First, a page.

Every gainfully employed man or woman with a family who has contracted the incurable disease of fly-fishing knows a few cardinal truths:
- If you get a pass from your significant other, don’t bother looking at the weather because you’re going.
- Like all hobbies, other things must come first in life. This is a good and healthy thing.
- Your level of energy, passion, or enjoyment do nothing to change rule #1 and rule #2.
Fishing for most of us is inherently secondary. When the stars do align for a more ambitious outing, it can feel exhilarating. Will the intel, rig, and timing come together?
Last spring (it’s been a minute since I’ve posted, see rule #2) my wife gave a green light and it seemed as though the stars were lining up. A trusted fishing buddy here in the PNW informed me that my hall pass coincided with a prime window to rope a steelhead on the Olympic Peninsula.
Mostly because he’s just a generous guy, he then took it upon himself to convince me via text that I should attempt this “program” solo. I told my wife I wouldn’t do that, being that the territory was unfamiliar and I didn’t have the right gear. I had never ventured to this part of the state, much less this particular river.
A few days later, a small cardboard box arrived on our porch, containing two fully rigged tippet set-ups ready to attach to my flyline, clearly meant for the Olympic Peninsula. The next evening, I get a text on the drive to work:
“Have you checked the flows? They are perrrrrrrrrrfect…”
I pulled up the USGS site, and saw that the water levels were dropping aggressively; the exact conditions he had said were ideal for a trip like this.
He then sent a small college essay over text, giving me landmarks, GPS coordinates, methods, warnings, and detailed instructions. I read every word three of four times. A combination of familiarity with rule #1 above (if you can go, you have to go) and confidence in my digital sherpa led me to reverse my decision: I’m going solo.
The four hours in the car was the opening act, a foretaste of the stunning visual beauty of the coastal rain forest. Lake Crescent, pictured above, butts up against the 101 for a stretch and is just another picturesque gem in Washington.
Following my friend’s GPS coordinates, I found both the parking lot and the trail-head. A few hikers and nature enthusiasts were staging in the lot behind their Subarus and Jeeps. I started on the trail, and the reality hit me again that I was utterly dependent on a text thread for direction, safety, and adventure.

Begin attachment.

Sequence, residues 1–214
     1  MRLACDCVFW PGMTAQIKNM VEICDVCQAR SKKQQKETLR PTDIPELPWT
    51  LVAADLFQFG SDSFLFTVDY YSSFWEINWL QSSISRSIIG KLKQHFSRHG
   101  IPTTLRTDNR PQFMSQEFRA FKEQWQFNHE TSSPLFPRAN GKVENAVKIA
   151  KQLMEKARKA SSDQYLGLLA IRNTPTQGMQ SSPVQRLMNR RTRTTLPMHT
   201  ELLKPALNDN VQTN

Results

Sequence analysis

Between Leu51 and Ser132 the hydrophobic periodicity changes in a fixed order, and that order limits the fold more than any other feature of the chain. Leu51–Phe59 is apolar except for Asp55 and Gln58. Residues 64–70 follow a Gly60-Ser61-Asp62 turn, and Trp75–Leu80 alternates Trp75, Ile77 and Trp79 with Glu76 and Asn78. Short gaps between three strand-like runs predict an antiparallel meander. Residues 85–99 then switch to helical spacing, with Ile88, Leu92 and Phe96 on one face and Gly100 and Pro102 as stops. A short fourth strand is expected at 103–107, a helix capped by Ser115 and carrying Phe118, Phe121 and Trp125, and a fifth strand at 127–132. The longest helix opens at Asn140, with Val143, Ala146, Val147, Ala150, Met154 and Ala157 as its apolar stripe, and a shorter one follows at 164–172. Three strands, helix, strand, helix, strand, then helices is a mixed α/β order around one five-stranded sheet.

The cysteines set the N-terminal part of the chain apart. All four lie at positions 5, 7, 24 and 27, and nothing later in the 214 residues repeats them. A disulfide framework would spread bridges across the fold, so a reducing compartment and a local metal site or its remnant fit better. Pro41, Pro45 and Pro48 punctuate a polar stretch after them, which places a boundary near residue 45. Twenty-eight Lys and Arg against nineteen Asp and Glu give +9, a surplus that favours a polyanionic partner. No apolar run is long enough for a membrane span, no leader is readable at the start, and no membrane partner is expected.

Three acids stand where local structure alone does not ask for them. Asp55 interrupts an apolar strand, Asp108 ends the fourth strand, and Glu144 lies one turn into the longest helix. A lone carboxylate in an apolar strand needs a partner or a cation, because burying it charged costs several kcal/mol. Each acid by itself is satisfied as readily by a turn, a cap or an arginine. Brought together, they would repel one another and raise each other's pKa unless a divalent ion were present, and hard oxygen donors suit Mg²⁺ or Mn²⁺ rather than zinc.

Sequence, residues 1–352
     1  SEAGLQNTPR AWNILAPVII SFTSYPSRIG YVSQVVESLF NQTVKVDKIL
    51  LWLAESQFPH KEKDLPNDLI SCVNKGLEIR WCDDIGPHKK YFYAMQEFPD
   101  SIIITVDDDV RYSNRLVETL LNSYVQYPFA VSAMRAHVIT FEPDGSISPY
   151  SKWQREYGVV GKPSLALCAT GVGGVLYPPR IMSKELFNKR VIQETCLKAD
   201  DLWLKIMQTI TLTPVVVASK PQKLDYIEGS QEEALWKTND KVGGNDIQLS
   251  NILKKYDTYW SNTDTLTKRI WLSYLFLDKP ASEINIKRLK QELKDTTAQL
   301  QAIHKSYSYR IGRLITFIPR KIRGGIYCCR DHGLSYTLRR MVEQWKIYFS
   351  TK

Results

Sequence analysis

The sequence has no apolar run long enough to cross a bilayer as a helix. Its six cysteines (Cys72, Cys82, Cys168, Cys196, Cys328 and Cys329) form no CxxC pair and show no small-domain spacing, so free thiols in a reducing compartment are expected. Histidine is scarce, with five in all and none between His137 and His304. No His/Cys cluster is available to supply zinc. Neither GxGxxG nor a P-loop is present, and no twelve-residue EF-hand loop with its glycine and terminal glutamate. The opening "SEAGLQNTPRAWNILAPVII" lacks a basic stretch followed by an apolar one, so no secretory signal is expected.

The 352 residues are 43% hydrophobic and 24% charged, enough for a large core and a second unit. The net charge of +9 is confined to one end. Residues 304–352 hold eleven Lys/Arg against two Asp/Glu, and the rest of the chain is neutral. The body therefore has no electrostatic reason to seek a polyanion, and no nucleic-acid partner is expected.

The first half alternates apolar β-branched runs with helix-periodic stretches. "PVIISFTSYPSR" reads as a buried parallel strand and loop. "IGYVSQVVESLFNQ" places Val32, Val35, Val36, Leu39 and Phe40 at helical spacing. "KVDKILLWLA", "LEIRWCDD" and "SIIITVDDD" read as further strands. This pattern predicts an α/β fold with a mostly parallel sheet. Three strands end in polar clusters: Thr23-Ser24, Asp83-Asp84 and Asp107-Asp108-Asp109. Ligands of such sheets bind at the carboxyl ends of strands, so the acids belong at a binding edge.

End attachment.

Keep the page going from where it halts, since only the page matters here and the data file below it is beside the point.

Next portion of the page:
I can’t describe how breathtaking the forest was. It was as if a family of Ewoks would scurry across the trail at any moment. The air was jarringly fresh and damp, but not stale or musky. Every scented candle and fragranced cleaning product is trying to capture this forest, and they have all failed miserably. I hiked in a couple of miles and eventually decided it was time to try to intersect with the river.
I don’t know if I ever been so simultaneously wary and enlivened. I found myself constantly just looking around trying to take it all in.
The first fishable run I found was magazine worthy. I could see a subtle drop starting halfway across the river signaled by a brightening turquoise hue on the surface. The water was clear and not particularly deep (compared to what I was accustomed to wading) but the speed of the water pushed forcefully around my boots and legs. Acknowledging that the river was in charge, I tread carefully out towards the drop. I worked the closest seam and worked my casts incrementally towards the opposite bank. Nothing for several minutes, and then a bump so subtle I figured I had either imagined it or that my out-of-practice hands had forgotten what to do.
I ended up methodically and uneventfully covering miles of water. On the opposite side of the river lay a massive forest that seldom sees the footprint of man. Staring at it left me with a tingle of anxiety. Any
Sasquatch predator could surely close the ground from the treeline to my position faster than I could get across to safety. My head was on a swivel. Working my way deeper into the park I noticed clouds moving in low and fast. In a dozen drifts, the weather had changed dramatically.
Over the next hour I was pelted with torrential rain, sleet, hailstones, and slushy snow. In my head I was rehearsing all the scenarios in which this excursion turned tragic: bear attacking on the shore, flash flood while wading, park closing due to inclement weather trapping my vehicle on the wrong side of the gate and 30 miles from civilization, lightning striking my rod, etc.
Most people in my life would have probably called it. I get that. But I had to ride this opportunity out. Steelhead were at my feet and I had to find one. I managed to find some very trouty looking water and on my first drift, saw a flash rip through the foam on the seam’s edge. A second drift turned up the first bull trout of my life.
As the weather worsened and my layers began to forfeit, I had a surge of foreboding I couldn’t shake and reversed course towards the distant parking lot. I could already hear the whispers of disappointment. All the preparation, driving, and mental gymnastics hadn’t yet led me to the treasure I sought. My pace quickened as I retreat, and the unfamiliarity of the area came to a sharpened edge. “I need to get out now.” Finding a way back down the nearer bank turned into a literal maze multiple times; clearings would dead-end into unpassable brush forcing me to double back. In twice the time and with a doubled heart-rate, I finally made it back to my starting point, where the trail made contact with the water. In a move of desperation that felt like a MMA fighter’s jab after the bell, I tried the original turquoise blue run.